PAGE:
Gibitngil Island, Philippines | Father Abraham had many sons. Many sons had Father Abraham.
On a remote island in the Pacific, school children march in place to a familiar song. Grouped around a flagpole, they sing and spin along with their leader, a man wearing a bright yellow T-shirt.
It’s the morning exercise routine at Gibitngil Integrated School, and the final day in the Philippines for a group of Illinois volunteers. The team of six Disaster Relief leaders spent a week here to help repair the school, damaged during last fall’s typhoon.
With so much destruction in the wake of Typhoon Haiyan, this tiny island likely isn’t high on the government’s lengthy to-do list. But Baptist Global Response saw a need they could meet here, and have mobilized a string of volunteer teams from the U.S. to fix roofs, construct a classroom building almost from scratch, and reinstate the school’s rainwater collection system.
“We were told that for this little island, it might take the government two to three years just to get there to start the work,” said Rex Alexander, IBSA’s Disaster Relief coordinator. “We were working in what would be considered a forgotten area.”
Now, the island and some of its 4,000 residents are well documented on Facebook. They smile brightly in photographs alongside the American volunteers. They sing in cell phone videos. Gibitngil Island isn’t forgotten anymore.
During their week in the Philippines, the Illinois volunteers stayed in Medellin on the much larger island of Cebu. They took a 20-minute boat ride to work every morning. “Just enough to be fun,” Alexander said.
Once they arrived at Gibitngil’s shore, they got off the boat and waded to the beach, carrying the supplies they would need for the day. Volunteer teams have been working at the school here since December under the direction of Baptist Global Response (BGR) and Southern Baptist missionaries in the area. BGR is a partner of the International Mission Board, offering immediate relief and long-term response after disasters.
The Illinois volunteers worked mostly with Filipino nationals under contract with BGR for the school project, Alexander said. And as they worked, they had the audience of several hundred kids, from kindergarten to 12th grade.
“I expected school to be in session and I expected us to be able to communicate with kids, but I had no idea how much of a highlight that would be,” Alexander said.
Don Kragness played a special role during the week. The 35-year veteran music teacher went around from classroom to classroom, working with several grade levels on songs like “Jesus Loves Me” and “Jesus Loves the Little Children.” And “Father Abraham,” of course.
“When I came into their class, they all stood at attention and said, ‘Good morning, Sir Don. We’re glad that you’re here.’ In unison!” Kragness said, laughing at the memory.
Gibitngil Island is largely Catholic, but some of the kids are involved in a house church on the island. The freedom to talk about Jesus at school amazed the American volunteers. “…In our own country, here in Johnson City, Illinois, I could not speak Jesus in class,” Kragness said.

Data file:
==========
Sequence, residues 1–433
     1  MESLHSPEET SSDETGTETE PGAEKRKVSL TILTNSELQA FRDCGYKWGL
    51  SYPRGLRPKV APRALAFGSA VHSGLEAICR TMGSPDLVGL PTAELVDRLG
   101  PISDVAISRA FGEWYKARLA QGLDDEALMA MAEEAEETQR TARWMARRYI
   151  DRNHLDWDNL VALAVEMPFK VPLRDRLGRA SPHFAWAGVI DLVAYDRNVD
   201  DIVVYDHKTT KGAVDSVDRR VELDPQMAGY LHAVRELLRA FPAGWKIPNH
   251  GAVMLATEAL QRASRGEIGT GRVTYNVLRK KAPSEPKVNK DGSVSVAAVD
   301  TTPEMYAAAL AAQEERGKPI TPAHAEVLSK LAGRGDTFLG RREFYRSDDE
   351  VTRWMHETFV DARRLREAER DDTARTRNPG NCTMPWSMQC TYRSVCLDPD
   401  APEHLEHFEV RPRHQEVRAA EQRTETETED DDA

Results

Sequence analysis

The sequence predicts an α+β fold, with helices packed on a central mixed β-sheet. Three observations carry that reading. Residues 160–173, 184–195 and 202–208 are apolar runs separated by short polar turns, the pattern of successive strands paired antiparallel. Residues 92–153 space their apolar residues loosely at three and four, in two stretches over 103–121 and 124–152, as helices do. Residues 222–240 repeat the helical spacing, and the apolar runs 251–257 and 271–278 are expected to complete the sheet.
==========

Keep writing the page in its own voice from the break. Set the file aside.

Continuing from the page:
“Over there, I had free reign. The principal of the school is a believer, and there are religious quotations and scriptures posted on the walls and on the trees outside, and you can say anything you want to.”
Kids on the island may be familiar with Jesus, but many don’t know how to have a personal relationship with Him. George Meese was sorting lumber one day when he noticed a little boy watching him from the doorway. “…The Holy Spirit just talked to me and told me I needed to talk to him,” said the pastor of New Hope Baptist in Robinson, Ill.
Meese found out the boy’s name and age – 11. “I asked him if he knew Jesus, and he said yes, I believe in Jesus. And I said, well, have you accepted Jesus in your heart?
“And he said, well, no one’s asked.”
They got down on their knees and the boy prayed to receive Christ, then and there.
Worship by flashlight
Alexander estimates that the house was about twice the size of his office in Springfield. But around 30 people crowded in for the Thursday evening meeting of Gibitngil’s house church, run mostly by older students from the school.
Everything about the gathering would have been completely unacceptable to American Christians, Alexander said.
“First of all, there’s no electricity, so everything had to be done by flashlight. Instead of PowerPoint screens, the kids had handwritten songs and taped them on the walls.” They shone the flashlight on the walls to illuminate the songs and Scripture passages.
Light rain fell outside and in part of the house. The room was crowded. Students were in charge. But Alexander had told the group beforehand, “We need to do everything we can to get to that little meeting.”
The students aren’t alone on their island in adhering to Christian principles, Alexander said, but their belief in Jesus as Savior sets them apart.
“Part of what we do on a trip like this is to encourage Christians,”
Alexander said. “…When a group from the outside comes to their area and shows them God’s love personally, and sits down in their homes and worships with them, in the back of their minds, that helps a young person or adult say, ‘I’ve chosen correctly.’ It helps solidify decisions that they make.”
There will be opportunities for teams to serve in the Philippines for at least another year, Alexander said, and previous Disaster Relief training isn’t required. For more information, contact him at (217) 391-3134 or RexAlexander@IBSA.org.
By Meredith Flynn